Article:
Warehouse and Distributed Order Management Technology to the Rescue
To deal with the nuances thrown up by multi-channel formats, retailers require a solution that sits outside traditional supply chain systems, one that aggregates data and integrates with the full distribution network – including all the warehouses, stores, intransit inventory and vendors – to provide a consolidated and centralised view of inventory across the network. This will allow a retailer to respond in a split second to a purchase request. It becomes even more critical for food retailers in India, where the food sector is predicted to grow to a size of 400 billion USD by 2025. Clearly, market conditions provide multiple opportunities, especially in supply chain and logistics where there is a clear need for modernisation.
Papa John’s, one of the leading pizza companies in the world, wanted to maintain effi cient, cost-effective operations throughout its supply chain. Though it was growing exponentially, Kentucky (US)-based Papa John’s International was still hampered by supply chain inventory, visibility and accuracy challenges that were impacting its businesses. The company’s growth out-paced the supply chain’s ability to maintain inventory and supply restaurants efficiently and cost-effectively. With intelligent supply chain solutions, the company was able to enjoy the benefi ts of improved overall inventory visibility, reduced outside storage costs and inventory levels, improved DC efficiencies and transportation utilisation, reduced mileage and labour costs.
Today, software solutions have matured significantly and have been deployed to help companies weave the varied strands of their distribution systems into a cohesive, effective network. The promise is rapidly becoming a reality as retailers, solution vendors, and the marketplace gain experience in deploying these solutions. For example, Warehouse and Distributed Order Management solutions allow managers to combine existing inventory systems and coordinate multiple retail channels by sourcing products from warehouses throughout the world. Effective solutions provide system-wide inventory visibility, sourcing, allocation and delivery scheduling at each stage of the fulfillment process in real time. Using confi gurable rules, Distributed Order Management solutions can aggregate orders as they are placed, evaluate global inventory, and then match demand to the supply. An effective solution can provide precise understanding of product demand and backlog for all markets, and not just single channels.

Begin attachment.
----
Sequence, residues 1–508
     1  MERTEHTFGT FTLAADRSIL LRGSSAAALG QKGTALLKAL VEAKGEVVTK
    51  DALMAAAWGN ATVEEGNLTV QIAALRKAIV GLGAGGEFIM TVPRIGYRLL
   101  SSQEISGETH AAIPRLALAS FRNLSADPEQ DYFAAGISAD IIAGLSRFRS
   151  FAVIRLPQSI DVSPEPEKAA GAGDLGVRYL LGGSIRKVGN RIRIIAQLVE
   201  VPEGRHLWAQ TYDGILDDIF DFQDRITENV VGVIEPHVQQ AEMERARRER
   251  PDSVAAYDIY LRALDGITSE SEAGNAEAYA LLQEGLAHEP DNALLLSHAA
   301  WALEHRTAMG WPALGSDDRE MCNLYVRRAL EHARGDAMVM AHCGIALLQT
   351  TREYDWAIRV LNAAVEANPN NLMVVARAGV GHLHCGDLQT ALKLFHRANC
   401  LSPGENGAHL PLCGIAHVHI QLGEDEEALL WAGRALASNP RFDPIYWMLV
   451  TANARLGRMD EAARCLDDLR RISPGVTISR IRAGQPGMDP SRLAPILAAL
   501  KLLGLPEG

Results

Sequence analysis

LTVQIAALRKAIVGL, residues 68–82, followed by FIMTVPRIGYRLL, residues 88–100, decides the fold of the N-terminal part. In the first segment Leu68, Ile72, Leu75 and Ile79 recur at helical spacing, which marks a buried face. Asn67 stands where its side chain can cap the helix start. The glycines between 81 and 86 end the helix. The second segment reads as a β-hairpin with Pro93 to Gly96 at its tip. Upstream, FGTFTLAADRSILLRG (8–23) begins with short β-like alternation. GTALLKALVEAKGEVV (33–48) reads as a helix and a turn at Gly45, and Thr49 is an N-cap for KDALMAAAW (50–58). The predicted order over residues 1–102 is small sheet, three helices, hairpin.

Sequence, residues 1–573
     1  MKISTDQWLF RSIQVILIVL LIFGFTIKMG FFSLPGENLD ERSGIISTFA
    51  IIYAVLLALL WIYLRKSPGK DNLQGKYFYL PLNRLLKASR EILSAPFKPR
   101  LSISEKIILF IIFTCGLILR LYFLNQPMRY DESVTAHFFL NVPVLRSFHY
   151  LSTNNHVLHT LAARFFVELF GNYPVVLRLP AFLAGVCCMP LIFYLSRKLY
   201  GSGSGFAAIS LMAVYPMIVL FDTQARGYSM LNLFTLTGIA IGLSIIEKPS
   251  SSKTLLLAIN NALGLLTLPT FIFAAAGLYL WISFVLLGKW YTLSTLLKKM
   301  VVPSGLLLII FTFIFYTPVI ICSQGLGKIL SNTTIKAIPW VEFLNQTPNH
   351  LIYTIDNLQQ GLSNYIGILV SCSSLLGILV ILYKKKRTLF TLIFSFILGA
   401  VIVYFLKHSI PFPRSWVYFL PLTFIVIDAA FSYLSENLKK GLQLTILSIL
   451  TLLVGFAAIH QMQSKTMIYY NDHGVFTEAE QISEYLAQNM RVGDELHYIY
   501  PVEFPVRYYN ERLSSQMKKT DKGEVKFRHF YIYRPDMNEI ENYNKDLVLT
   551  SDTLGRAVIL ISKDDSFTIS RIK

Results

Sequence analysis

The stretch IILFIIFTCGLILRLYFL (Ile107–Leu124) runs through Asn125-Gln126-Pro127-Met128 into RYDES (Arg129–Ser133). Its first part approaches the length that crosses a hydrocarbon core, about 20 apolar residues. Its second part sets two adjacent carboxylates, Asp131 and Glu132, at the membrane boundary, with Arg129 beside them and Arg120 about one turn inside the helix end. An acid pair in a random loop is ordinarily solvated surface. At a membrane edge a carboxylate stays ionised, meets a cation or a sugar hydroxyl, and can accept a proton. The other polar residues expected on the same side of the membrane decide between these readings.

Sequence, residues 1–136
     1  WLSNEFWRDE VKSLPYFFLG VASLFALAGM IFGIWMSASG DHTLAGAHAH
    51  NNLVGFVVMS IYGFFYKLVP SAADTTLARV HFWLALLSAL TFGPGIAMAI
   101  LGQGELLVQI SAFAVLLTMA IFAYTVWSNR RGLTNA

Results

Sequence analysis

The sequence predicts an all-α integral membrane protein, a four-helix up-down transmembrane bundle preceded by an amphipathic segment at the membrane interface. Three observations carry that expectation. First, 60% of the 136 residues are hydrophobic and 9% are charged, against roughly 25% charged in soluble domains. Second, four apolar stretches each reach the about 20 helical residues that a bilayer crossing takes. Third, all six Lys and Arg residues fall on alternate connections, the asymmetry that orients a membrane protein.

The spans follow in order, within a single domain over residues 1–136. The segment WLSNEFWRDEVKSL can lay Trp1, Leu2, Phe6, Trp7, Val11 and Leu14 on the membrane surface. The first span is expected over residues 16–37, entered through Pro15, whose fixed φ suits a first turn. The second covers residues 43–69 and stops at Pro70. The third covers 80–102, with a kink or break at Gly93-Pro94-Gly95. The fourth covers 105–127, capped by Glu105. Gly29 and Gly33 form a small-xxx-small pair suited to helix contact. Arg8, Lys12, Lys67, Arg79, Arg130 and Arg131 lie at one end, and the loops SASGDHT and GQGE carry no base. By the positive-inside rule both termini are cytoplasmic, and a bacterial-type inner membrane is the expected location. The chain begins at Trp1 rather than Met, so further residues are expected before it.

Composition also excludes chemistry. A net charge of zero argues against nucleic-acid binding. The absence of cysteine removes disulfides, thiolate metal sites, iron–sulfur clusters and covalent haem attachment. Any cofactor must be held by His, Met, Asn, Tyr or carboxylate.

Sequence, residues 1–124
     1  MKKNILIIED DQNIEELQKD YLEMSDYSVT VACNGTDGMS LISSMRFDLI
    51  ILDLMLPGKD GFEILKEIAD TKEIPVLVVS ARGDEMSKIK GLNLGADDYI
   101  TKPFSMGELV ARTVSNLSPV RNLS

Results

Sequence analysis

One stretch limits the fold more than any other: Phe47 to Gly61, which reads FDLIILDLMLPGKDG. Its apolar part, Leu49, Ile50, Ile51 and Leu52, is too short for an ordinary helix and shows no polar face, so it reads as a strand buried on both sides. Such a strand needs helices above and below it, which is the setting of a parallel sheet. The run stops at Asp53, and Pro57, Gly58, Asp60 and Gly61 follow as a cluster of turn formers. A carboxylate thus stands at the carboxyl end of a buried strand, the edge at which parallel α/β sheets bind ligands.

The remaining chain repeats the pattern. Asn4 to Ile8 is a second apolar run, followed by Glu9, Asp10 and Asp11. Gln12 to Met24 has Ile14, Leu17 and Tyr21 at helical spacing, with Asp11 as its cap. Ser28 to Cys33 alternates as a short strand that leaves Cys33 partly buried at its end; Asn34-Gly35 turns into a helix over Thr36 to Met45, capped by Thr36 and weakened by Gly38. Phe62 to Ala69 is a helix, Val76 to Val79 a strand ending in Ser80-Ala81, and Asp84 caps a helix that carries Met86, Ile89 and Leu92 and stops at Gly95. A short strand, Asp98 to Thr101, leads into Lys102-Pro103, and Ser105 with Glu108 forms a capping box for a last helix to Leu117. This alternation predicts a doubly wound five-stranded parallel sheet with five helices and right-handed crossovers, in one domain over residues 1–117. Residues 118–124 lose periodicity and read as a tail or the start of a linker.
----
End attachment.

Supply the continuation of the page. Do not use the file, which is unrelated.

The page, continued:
Distributed Order Management solutions build on traditional inventory systems such as Warehouse Management solutions that determine the fastest and most efficient ways of shipping a particular order whether they be ‘singles’ for web, mobile and call centre orders, or bulk consignments for store orders. Whilst Warehouse Management solutions enable companies to fulfil orders from a specific facility, Distributed Order Management allows companies to connect their Warehouse Management solution, which manages the supply side of the equation, to equally sophisticated instruments such as planning and replenishment solutions on the demand side. This allows companies to manage the diverse ways customers now have for ordering, while orchestrating higher service levels.
Distributed Order Management solutions take into account the fact that different channels demand different levels of service. Some channels need products faster, while others are less time-sensitive. Failure to meet a “just in time” commitment has different consequences depending on how close it is to the final customer transaction.
Tightly focussing the supply chain on the final transaction should be the goal of every effective retail operation. Distributed Order Management solutions allow managers to do just that by optimising supply and demand without building yet another inventory system. When used effectively, Distributed Order Management solutions become the “nervous system” of the entire retail supply equation.